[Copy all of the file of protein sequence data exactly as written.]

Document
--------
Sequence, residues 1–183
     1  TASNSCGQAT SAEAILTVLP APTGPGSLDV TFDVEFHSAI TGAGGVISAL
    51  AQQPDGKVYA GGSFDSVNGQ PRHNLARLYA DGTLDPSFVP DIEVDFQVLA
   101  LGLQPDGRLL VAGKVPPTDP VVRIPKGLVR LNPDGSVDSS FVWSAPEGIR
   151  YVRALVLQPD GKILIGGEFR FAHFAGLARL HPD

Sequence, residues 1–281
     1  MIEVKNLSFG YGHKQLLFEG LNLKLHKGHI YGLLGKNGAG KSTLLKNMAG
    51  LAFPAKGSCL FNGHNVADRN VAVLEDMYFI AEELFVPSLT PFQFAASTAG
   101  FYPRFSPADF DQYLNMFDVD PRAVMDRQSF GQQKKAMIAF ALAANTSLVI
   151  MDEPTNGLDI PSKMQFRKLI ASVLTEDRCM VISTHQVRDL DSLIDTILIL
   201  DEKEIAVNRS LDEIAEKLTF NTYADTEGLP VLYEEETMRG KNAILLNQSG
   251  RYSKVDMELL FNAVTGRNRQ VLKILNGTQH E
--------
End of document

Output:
Sequence, residues 1–183
     1  TASNSCGQAT SAEAILTVLP APTGPGSLDV TFDVEFHSAI TGAGGVISAL
    51  AQQPDGKVYA GGSFDSVNGQ PRHNLARLYA DGTLDPSFVP DIEVDFQVLA
   101  LGLQPDGRLL VAGKVPPTDP VVRIPKGLVR LNPDGSVDSS FVWSAPEGIR
   151  YVRALVLQPD GKILIGGEFR FAHFAGLARL HPD

Sequence, residues 1–281
     1  MIEVKNLSFG YGHKQLLFEG LNLKLHKGHI YGLLGKNGAG KSTLLKNMAG
    51  LAFPAKGSCL FNGHNVADRN VAVLEDMYFI AEELFVPSLT PFQFAASTAG
   101  FYPRFSPADF DQYLNMFDVD PRAVMDRQSF GQQKKAMIAF ALAANTSLVI
   151  MDEPTNGLDI PSKMQFRKLI ASVLTEDRCM VISTHQVRDL DSLIDTILIL
   201  DEKEIAVNRS LDEIAEKLTF NTYADTEGLP VLYEEETMRG KNAILLNQSG
   251  RYSKVDMELL FNAVTGRNRQ VLKILNGTQH E